Addressing A Layoff In A Job Interview
Anyone who has been laid off from a job knows that it can be a difficult subject to broach with your network, let alone a prospective employer. Unfortunately, hiring managers will want to know why you were let go, which means it is something that you will need to address in an interview. But first? You need to come to terms with it yourself.
Answering these inevitable questions requires confidence, so it’s important to take the time to assess the situation, understand how to highlight your strengths, and show how you have made the most out of an unfortunate experience. Once you take these preliminary steps, here’s how to create an interview strategy that allows you to successfully disclose a layoff:
Honestly state the facts: Trying to hide or blur the details of your layoff can certainly do much more harm than good. Not only will the employer likely pick up on your dishonesty, they will probably attribute it to a lack of confidence or respect. Instead, be as honest as possible about the reason(s) you were let go without placing the blame on others. Whether it was due to downsizing or your performance, your transparency can help create a foundation of trust between you and your hiring manager – something that is integral to moving forward in the interview process.
Be the first to address it: Remember, the hiring manager has asked you to interview for a reason. Don’t discount that by letting the elephant in the room overshadow the value you could bring to the organization. While you may be nervous to bring up such a sensitive topic, doing so allows you to take control of the situation. Not only does it show initiative, but it also gives you the opportunity to address any of the employer’s concerns early on in the conversation – ultimately, allowing the two of you to move onto more important topics.
Explain what you’ve learned: Often times, how you manage a career set back can say a lot about who you are as a professional. In fact, those who handle them well generally have a strong degree of emotional intelligence – a highly desirable skill in candidates. Some key features of emotionally intelligent people include personal accountability and self-awareness, which means someone with this skillset will be more likely to acknowledge their mistakes and identify areas for improvement.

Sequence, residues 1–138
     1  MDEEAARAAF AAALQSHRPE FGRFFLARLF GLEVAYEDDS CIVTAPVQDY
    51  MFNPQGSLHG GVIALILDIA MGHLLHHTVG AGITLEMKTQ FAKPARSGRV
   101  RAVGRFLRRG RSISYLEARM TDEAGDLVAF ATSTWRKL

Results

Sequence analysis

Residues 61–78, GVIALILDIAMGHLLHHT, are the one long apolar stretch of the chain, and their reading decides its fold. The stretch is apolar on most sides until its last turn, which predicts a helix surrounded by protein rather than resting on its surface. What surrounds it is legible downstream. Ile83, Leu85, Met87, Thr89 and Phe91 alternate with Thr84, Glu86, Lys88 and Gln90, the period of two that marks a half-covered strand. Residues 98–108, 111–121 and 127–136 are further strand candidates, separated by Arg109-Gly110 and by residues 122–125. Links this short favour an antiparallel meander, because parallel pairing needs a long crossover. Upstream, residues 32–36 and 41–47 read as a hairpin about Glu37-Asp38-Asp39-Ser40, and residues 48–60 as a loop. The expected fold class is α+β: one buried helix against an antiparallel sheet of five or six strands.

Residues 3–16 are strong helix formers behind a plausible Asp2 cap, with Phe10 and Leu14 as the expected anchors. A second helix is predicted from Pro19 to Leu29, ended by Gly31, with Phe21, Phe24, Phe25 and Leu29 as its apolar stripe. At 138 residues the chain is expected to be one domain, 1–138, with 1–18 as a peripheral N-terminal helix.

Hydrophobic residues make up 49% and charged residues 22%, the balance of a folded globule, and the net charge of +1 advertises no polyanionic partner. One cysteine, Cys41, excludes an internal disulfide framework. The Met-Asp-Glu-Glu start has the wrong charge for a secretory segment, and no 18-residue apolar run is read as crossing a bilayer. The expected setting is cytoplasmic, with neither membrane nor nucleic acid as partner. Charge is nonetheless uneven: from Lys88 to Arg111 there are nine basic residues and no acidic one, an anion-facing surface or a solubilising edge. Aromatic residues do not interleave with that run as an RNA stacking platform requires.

To show that you have done this in your time off, explain how you have reflected on your experience, learned from it, and are working to move forward. If you have been out of work for a more significant amount of time, you’ll also want to emphasize what you’ve done to benefit your career in the meantime. Whether that has been through volunteering, taking on temporary roles, or attending continuing education classes, it’s important to show how you have been productive in your down time.
Keep it simple: The above tactics can be helpful, but getting carried away in the details can quickly unravel your confidence. Keep your story clear, factual, and simple. Rambling shows insecurity and might imply that you haven’t quite moved on. Plus, interviews can go by quickly, and you don’t want to waste too much of your time to make an impression by dwelling on the negatives. Instead, strive to keep the rest of the conversation focused on your strengths and why you’d be a great fit for the company.